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Table 1.  
Selected MUHAS Faculty and Resident Answers to Anonymous Survey Questions on the Initial Survey
Selected MUHAS Faculty and Resident Answers to Anonymous Survey Questions on the Initial Survey
Table 2.  
Selected MUHAS Faculty and Resident Answers to Anonymous Survey Questions on the Follow-up Survey
Selected MUHAS Faculty and Resident Answers to Anonymous Survey Questions on the Follow-up Survey
1.
Farmer  PE, Kim  JY.  Surgery and global health: a view from beyond the OR. World J Surg. 2008;32(4):533-536.PubMedArticle
2.
Mathers  CD, Loncar  D.  Projections of global mortality and burden of disease from 2002 to 2030. PLoS Med. 2006;3(11):e442. doi:10.1371/journal.pmed.0030442.PubMedArticle
3.
Bickler  SW, Spiegel  DA.  Global surgery: defining a research agenda. Lancet. 2008;372(9633):90-92.PubMedArticle
4.
Debas  HT, Gosselin  R, McCord  C, Thind H. Surgery. In: Jamison DT, Breman JG, Measham AR, et al, eds. Disease Control Priorities in Developing Countries. 2nd ed. Washington, DC: World Bank; 2006:chap 67.
5.
Funk  LM, Weiser  TG, Berry  WR,  et al.  Global operating theatre distribution and pulse oximetry supply: an estimation from reported data. Lancet. 2010;376(9746):1055-1061.PubMedArticle
6.
Ozgediz  D, Wang  J, Jayaraman  S,  et al.  Surgical training and global health: initial results of a 5-year partnership with a surgical training program in a low-income country. Arch Surg. 2008;143(9):860-865.PubMedArticle
7.
Hoyler  M, Finlayson  SR, McClain  CD, Meara  JG, Hagander  L.  Shortage of doctors, shortage of data: a review of the global surgery, obstetrics, and anesthesia workforce literature. World J Surg. 2014;38(2):269-280.PubMedArticle
8.
Chu  K, Rosseel  P, Gielis  P, Ford  N.  Surgical task shifting in sub-Saharan Africa. PLoS Med. 2009;6(5):e1000078. doi:10.1371/journal.pmed.1000078.PubMedArticle
9.
Fereday  J, Muir-Cochrane  E.  Demonstrating rigor using thematic analysis: a hybrid approach of inductive and deductive coding and theme development. Int J Qual Methods. 2006;5:1-11. https://www.ualberta.ca/~iiqm/backissues/5_1/PDF/FEREDAY.PDF. Accessed July 1, 2015.
10.
Mitchell  KB, Tarpley  MJ, Tarpley  JL, Casey  KM.  Elective global surgery rotations for residents: a call for cooperation and consortium. World J Surg. 2011;35(12):2617-2624.PubMedArticle
11.
Ozgediz  D, Roayaie  K, Debas  H, Schecter  W, Farmer  D.  Surgery in developing countries: essential training in residency. Arch Surg. 2005;140(8):795-800.PubMedArticle
12.
Ozgediz  D, Riviello  R.  The “other” neglected diseases in global public health: surgical conditions in sub-Saharan Africa. PLoS Med. 2008;5(6):e121. doi:10.1371/journal.pmed.0050121.PubMedArticle
13.
Riviello  R, Ozgediz  D, Hsia  RY, Azzie  G, Newton  M, Tarpley  J.  Role of collaborative academic partnerships in surgical training, education, and provision. World J Surg. 2010;34(3):459-465.PubMedArticle
14.
Karamichalis  JM, Möller  MG.  Surgery residents and volunteerism. Bull Am Coll Surg. 2005;90(7):23-26.PubMed
15.
Jarman  BT, Cogbill  TH, Kitowski  NJ.  Development of an international elective in a general surgery residency. J Surg Educ. 2009;66(4):222-224.PubMedArticle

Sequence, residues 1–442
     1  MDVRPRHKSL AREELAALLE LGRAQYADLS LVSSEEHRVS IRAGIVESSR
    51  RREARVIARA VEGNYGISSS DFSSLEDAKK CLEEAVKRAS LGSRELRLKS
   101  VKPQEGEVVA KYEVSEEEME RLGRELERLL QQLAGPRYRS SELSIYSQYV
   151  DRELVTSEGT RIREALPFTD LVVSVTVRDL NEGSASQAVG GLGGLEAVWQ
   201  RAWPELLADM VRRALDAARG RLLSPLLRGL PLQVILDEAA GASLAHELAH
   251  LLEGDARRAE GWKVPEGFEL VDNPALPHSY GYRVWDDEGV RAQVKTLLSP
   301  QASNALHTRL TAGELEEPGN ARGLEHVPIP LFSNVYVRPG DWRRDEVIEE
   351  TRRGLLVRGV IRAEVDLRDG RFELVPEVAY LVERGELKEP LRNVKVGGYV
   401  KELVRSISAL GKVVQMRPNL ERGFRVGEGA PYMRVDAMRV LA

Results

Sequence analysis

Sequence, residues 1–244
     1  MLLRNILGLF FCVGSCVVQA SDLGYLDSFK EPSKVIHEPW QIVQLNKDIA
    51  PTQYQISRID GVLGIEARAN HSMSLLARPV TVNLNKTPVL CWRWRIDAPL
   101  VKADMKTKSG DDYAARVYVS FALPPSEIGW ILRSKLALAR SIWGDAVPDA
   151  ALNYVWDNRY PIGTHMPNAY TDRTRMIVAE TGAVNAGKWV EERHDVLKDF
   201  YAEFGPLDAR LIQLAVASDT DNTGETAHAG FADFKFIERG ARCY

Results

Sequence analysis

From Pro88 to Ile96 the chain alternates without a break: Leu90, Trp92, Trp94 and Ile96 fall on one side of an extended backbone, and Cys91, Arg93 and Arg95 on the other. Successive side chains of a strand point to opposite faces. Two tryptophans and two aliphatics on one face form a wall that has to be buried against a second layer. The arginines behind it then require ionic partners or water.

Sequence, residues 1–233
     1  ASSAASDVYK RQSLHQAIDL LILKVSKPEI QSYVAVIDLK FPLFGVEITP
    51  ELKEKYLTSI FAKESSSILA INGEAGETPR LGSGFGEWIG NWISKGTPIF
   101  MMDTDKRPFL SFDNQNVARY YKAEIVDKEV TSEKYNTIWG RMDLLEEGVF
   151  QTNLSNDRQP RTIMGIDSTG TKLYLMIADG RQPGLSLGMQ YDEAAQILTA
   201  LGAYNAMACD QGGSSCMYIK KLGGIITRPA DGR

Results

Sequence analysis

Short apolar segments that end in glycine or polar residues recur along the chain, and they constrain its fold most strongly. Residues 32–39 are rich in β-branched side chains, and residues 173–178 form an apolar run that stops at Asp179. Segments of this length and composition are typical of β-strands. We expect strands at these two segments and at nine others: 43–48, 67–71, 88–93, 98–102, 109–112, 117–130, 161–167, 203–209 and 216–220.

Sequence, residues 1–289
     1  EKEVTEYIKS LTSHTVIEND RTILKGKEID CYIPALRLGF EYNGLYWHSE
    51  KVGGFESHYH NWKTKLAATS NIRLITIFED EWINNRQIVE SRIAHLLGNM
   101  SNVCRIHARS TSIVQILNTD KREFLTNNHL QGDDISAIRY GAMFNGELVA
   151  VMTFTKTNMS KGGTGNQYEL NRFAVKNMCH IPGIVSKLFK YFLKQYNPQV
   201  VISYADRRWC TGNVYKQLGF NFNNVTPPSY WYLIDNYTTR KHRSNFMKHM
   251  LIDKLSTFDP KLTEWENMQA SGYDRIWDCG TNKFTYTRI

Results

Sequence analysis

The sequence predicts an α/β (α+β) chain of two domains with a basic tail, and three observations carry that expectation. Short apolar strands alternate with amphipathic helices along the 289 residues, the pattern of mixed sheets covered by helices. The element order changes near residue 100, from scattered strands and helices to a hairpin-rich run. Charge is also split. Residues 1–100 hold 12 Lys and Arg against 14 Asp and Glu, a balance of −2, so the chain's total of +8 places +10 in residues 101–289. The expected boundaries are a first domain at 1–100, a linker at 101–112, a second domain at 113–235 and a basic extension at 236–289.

16.
Alterman  DM, Goldman  MH.  International volunteerism during general surgical residency: a resident’s experience. J Surg Educ. 2008;65(5):378-383.PubMedArticle
17.
Tarpley  JL.  Commentary: an academic track in global surgery. Surgery. 2013;153(3):322-324.PubMedArticle
18.
Axt  J, Nthumba  PM, Mwanzia  K,  et al.  Commentary: the role of global surgery electives during residency training: relevance, realities, and regulations. Surgery. 2013;153(3):327-332.PubMedArticle
19.
Kruk  ME, Wladis  A, Mbembati  N,  et al.  Human resource and funding constraints for essential surgery in district hospitals in Africa: a retrospective cross-sectional survey. PLoS Med. 2010;7(3):e1000242. doi:10.1371/journal.pmed.1000242.PubMedArticle
Original Investigation
Pacific Coast Surgical Association
November 2015

A Consortium Approach to Surgical Education in a Developing CountryEducational Needs Assessment

Author Affiliations
  • 1Department of Surgery, Oregon Health & Science University, Portland
  • 2Department of Surgery, University of California, San Francisco
  • 3Department of Public Health, University of California, Berkeley
  • 4Alliance for Global Clinical Training, San Francisco, California
  • 5Hofmann Healthcare Group, Moraga, California
  • 6Department of Surgery, Muhimbili University of Health and Allied Sciences, Dar es Salaam, Tanzania
JAMA Surg. 2015;150(11):1074-1078. doi:10.1001/jamasurg.2015.2205
Abstract

Importance  Surgical disease is a global health priority, and improving surgical care requires local capacity building. Single-institution partnerships and surgical missions are logistically limited. The Alliance for Global Clinical Training (hereafter the Alliance) is a consortium of US surgical departments that aims to provide continuous educational support at the Muhimbili University of Health and Allied Sciences, Dar es Salaam, Tanzania (MUHAS). To our knowledge, the Alliance is the first multi-institutional international surgical collaboration to be described in the literature.